Based on their caseload, the lawyers at Ashton and Price can tell you that drunk driving accidents happen all too often. That’s why they’re quick to celebrate any opportunity to reduce the incidence of such accidents.

That’s why Craig Ashton and Tim Hodson spent some time on a recent episode of All Things Legal discussing the merits of the alcohol delivery service Saucey, which recently expanded to the Sacramento area.


Craig: “So now we’ve got a company called Saucey. There’s these guys in Southern California, they always thought, ‘Ya know, the thing about liquor is that it’s convenient, and it’s an impulse [purchase].’ And they go, ‘Well, those things aren’t very well suited if you have to drive to a liquor store. So why don’t we have alcohol delivered?’

“And apparently there’s a very long history of delivery of alcohol in the Hollywood Hills. Back in the sixties and seventies they used to throw a lot of parties up in Laurel Canyon… Jim Morrison, Joni Mitchell… Frank Sinatra I think partied a lot up in that area, and they would just have liquor stores deliver alcohol to them. It was discreet, and they didn’t have to drive, which I think is a great thing because if you can have somebody deliver you alcohol you don’t have to get on the road. Right on! Because you make bad choices when you go, ‘You know what, I just ran out of tequila, let’s go get some more.’ Well, tequila does not make good decisions for you.

“So, but there’s a group now called Saucey which is basically an app that you can put on your cell phone—which I’ve downloaded—and basically, you can go ahead and order alcohol. They have a list of liquor stores that will accommodate you within their jurisdiction.

“You buy it from the liquor store [through the app, which upholds the store’s liquor license], because they can’t sell it to you at the door. If they sell it to you at your door, that’s a violation of their liquor license. It has to be sold at their place of business.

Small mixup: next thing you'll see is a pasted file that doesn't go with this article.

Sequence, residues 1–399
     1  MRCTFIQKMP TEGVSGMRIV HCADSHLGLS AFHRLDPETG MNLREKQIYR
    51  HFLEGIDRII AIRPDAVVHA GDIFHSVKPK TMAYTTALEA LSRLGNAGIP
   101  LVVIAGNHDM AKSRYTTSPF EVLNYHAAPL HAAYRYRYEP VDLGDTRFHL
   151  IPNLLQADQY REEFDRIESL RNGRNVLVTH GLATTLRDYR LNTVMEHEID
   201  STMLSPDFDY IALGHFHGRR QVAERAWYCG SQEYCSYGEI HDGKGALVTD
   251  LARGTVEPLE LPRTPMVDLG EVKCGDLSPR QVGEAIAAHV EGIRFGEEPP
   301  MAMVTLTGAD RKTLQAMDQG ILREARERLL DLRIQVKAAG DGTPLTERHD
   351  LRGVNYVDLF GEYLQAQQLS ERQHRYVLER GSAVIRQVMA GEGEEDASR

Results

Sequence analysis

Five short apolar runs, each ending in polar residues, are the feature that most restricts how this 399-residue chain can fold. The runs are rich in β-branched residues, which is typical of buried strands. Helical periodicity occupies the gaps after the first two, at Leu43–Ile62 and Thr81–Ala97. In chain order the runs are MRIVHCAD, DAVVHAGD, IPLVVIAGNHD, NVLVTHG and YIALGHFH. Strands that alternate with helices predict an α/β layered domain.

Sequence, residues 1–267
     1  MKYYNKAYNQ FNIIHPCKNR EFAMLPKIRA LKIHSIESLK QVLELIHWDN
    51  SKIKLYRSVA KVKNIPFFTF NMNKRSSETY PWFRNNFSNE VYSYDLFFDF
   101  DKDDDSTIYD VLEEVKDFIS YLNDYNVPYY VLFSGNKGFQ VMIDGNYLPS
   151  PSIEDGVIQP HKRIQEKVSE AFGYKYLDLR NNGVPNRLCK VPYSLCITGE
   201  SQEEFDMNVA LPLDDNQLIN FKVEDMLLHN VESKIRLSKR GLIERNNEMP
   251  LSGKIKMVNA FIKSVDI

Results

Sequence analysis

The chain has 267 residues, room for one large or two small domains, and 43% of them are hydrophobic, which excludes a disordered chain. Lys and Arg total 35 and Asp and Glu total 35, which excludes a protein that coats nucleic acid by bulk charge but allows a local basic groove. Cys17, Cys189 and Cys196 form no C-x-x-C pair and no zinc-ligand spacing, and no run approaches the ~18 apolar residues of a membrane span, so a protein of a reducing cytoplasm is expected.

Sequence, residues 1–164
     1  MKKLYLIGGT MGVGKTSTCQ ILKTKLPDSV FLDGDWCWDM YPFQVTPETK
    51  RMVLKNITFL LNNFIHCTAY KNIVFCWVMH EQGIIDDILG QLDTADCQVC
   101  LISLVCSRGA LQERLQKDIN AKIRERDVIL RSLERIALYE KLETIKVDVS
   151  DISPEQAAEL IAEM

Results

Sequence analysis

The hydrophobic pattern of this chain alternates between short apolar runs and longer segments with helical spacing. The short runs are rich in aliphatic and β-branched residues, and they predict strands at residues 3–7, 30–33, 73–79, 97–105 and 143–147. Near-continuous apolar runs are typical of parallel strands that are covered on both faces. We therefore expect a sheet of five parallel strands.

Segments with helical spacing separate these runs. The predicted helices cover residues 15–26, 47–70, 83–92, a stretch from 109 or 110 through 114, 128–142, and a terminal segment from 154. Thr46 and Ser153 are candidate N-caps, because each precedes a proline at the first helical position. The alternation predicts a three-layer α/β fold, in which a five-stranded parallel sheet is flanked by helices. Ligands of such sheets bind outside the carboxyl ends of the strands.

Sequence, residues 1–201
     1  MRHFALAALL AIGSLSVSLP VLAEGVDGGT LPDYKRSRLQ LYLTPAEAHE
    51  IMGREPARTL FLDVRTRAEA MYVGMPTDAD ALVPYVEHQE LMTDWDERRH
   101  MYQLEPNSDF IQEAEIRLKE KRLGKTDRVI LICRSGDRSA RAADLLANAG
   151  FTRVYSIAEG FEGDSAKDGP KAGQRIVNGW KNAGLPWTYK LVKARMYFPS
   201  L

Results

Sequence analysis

Saucey walks a fine legal line by ensuring that you are purchasing the alcohol directly from the store, not from Saucey.

As Saucey’s CEO Chris Vaughn explained in an interview with L.A. Biz, Saucey’s founders met with multiple alcoholic beverage control attorneys in order to figure out if it was possible to create a legal alcohol delivery service, and if so, how. As it turned out, alcohol delivery service could be done legally.

Saucey maintains its legal protection by virtue of a key detail: Customers don’t purchase the alcohol from Saucey. They purchase it from a local store, with the Saucey app serving as a vehicle for the transaction. Funds are delivered directly from the customer to the liquor store in question, and Saucey receives their cut from those funds, a $2.99 delivery fee that is included in the transaction.

Apparently, the user experience is quite positive, according to Craig: “They say they get there within an hour, but it’s usually 25 to 30 minutes.”

Saucey appears to be a convenient, safe way of purchasing alcohol without leaving your home.

“Look, if you’re making spaghetti Bolognese, and you want a good red Spanish wine, right, copa de vino tinto, and you don’t have it. You go, ‘Hey, let’s get Saucey on the horn before my pasta’s ready. I could have wine delivered.’ And that’s a great thing!

“Or if you’re having a party and you run out of tequila or beer or whatever, they’ll deliver it for you. And that takes people off the street. It’s a really cool thing, because Sacramento is one of three [new] cities that is getting [Saucey’s delivery service]. I think one of the reasons is because Sacramento is becoming very diverse, and it’s a good cross-section for them to understand how their business model’s going to work. I think it’s a great idea.”

Tim: “Absolutely. And from a legal standpoint, they’re going to be protected. Just like liquor stores and hosts of parties, they’re going to be protected. They’re not responsible for any activity that occurs after they deliver the alcohol as long as they know it’s going to a person of age.”

Saucey ensures that alcohol is only delivered to people who can legally possess alcohol by equipping all of its delivery drivers with an ID scanner. Every customer, no matter how young or old, has their ID scanned, and Saucey retains a record of its customers’ IDs.

Craig: “California’s one of 18 states that has no restrictions on delivery of alcohol. New York… they have a restriction on quantity. So, you can’t order more than a certain amount. But in California you can order all you want—as long as you’re over 21 and the transaction happens at the liquor store, not at your door—it’s not restricted.”